World Baseball Classic 2013: Sleeper Squads Set to Make Impact in Tournament

Josh BenjaminCorrespondent IMarch 2, 2013

SAN FRANCISCO, CA - SEPTEMBER 08: Angel Pagan #16 of the San Francisco Giants catches a fly ball in front of the 2013 World Baseball Classic sign on September 8, 2012 in San Francisco, California. The 2013 World Baseball Classic semi-finals and finals will be hosted at AT&T Park (Photo by Tony Medina/Getty Images)
Tony Medina/Getty Images

The World Baseball Classic is full of powerhouse teams like Japan, Cuba and Team USA, but that doesn't mean under-the-radar squads are to be written off completely.

Look at the 1980 Winter Olympics at Lake Placid. Nobody expected Team USA to even compete in hockey, and the team went on to win the gold medal.

Such could be the case for this year's WBC, which features first-time teams from Brazil and Spain, not to mention returning underdogs in Australia and Canada.

These teams aren't stocked with stars that are household names, but don't count them out just yet. The talent that exists on these seemingly low-profile teams could surprise everyone once the tournament is in full swing.



OK, so maybe Canada isn't a conventional underdog. After all, the team does have former National League MVP Joey Votto along with a bevy of other MLB veterans, so it can be argued that the Canadians do have some sort of upper hand.

However, what gives Canada its underdog status is its young pitching staff. Save for John Axford and Jesse Crain, the rest of the team is largely unknown unless you follow the minor leagues religiously.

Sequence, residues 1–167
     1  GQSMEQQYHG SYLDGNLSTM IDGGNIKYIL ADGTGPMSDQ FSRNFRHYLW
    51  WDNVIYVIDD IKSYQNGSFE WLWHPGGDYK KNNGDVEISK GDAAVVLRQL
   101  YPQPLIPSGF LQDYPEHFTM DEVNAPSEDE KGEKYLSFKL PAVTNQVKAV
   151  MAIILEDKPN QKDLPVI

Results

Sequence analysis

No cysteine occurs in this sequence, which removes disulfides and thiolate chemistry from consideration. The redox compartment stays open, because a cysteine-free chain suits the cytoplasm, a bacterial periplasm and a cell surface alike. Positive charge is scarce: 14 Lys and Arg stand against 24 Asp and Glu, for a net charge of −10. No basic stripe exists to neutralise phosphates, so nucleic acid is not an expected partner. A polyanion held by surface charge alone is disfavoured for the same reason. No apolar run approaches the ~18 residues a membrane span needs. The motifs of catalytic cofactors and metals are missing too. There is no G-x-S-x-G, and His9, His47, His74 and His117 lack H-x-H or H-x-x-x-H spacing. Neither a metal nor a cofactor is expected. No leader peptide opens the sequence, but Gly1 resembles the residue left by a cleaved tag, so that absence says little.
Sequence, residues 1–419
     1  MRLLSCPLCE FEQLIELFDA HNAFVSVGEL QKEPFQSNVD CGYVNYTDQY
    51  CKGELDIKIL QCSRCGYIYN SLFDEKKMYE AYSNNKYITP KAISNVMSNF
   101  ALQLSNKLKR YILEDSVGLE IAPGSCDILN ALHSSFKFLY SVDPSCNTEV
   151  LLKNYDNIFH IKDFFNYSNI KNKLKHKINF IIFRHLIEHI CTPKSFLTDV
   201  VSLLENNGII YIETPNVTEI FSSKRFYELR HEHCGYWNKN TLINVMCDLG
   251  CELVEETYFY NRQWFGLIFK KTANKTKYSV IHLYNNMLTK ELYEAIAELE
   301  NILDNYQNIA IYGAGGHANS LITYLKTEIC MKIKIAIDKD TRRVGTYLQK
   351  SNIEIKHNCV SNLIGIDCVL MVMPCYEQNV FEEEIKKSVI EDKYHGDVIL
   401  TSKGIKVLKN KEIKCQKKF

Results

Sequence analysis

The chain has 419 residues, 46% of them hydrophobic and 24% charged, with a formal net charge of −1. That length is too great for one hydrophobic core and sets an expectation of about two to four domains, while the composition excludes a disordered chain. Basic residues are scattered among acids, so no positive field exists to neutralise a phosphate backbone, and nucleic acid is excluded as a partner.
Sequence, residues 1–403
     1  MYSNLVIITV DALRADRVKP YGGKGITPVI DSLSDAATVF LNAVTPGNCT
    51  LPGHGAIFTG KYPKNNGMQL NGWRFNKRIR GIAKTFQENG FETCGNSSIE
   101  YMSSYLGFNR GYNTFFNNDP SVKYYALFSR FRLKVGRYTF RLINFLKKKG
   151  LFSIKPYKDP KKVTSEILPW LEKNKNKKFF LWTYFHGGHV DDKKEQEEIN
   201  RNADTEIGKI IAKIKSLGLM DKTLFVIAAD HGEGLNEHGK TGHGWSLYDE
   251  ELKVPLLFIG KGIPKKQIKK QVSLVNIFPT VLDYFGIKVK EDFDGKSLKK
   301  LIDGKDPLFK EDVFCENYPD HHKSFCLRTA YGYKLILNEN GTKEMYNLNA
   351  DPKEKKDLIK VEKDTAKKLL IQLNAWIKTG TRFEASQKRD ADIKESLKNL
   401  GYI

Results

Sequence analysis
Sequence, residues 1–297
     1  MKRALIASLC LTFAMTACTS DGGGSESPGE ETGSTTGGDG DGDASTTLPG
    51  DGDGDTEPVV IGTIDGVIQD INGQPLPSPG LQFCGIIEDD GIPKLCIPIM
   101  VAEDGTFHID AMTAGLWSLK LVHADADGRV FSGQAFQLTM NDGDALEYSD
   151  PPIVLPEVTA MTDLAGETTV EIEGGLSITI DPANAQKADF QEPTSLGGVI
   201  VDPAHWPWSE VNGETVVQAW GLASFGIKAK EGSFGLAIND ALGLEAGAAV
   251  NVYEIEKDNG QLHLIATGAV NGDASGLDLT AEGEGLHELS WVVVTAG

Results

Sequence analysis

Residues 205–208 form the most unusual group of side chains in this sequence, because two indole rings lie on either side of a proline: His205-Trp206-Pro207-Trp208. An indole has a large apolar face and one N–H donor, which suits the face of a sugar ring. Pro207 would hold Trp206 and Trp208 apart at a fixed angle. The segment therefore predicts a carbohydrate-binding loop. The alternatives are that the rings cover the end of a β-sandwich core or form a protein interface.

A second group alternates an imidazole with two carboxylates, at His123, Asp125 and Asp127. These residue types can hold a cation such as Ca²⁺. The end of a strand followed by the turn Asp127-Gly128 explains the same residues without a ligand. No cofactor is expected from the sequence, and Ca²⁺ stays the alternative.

This is why other veteran teams, especially Team USA, could be at a disadvantage. Many of Canada's pitchers, like Phillippe Aumont and Jameson Taillon, are hurlers they have never seen before. Save for scouting reports, there's not much to go on in terms of how to approach them.

Keep an eye on this pitching staff for sure, as it could be full of surprises down the stretch.



Believe it or not, Australia has been making an impact in MLB for the past few decades. Infielder Craig Shipley made his debut for the Los Angeles Dodgers in 1986 (though he was educated at the University of Alabama), and Dave Nilsson spent seven seasons with the Milwaukee Brewers starting in 1992.

This year, Australia brings some solid talent to the WBC. MLB regulars like Peter Moylan and Luke Hughes won't be playing, but former Seattle Mariners standouts Ryan Rowland-Smith and Chris Snelling should provide some fireworks for the fans.

The odds of this team winning the championship are slim, but the Australians are definitely not to be counted out.



That's right, folks. You read that correctly. Brazil is sending a team to the WBC this year!

Though most of us may regard the country as a soccer mecca, baseball has apparently made enough of an impact there that a team was fielded for 2013. Though any of their games could seem like a blowout waiting to happen, don't be so quick to count Brazil out.

Though none of the team's players are household names, 11 members of the roster play in the Japanese leagues, be it Nippon Professional Baseball or the Japanese Industrial League.

Seeing as how Japan has won both WBC championships thus far, this gives Brazil a unique advantage, especially since the team is in the same pool as Japan. Some of these players know their opponent well, and that could give the Brazilians an advantage when it comes time to play Japan.

Throw in that the team's manager is Hall-of-Famer Barry Larkin, and this is definitely not a team to be taken lightly.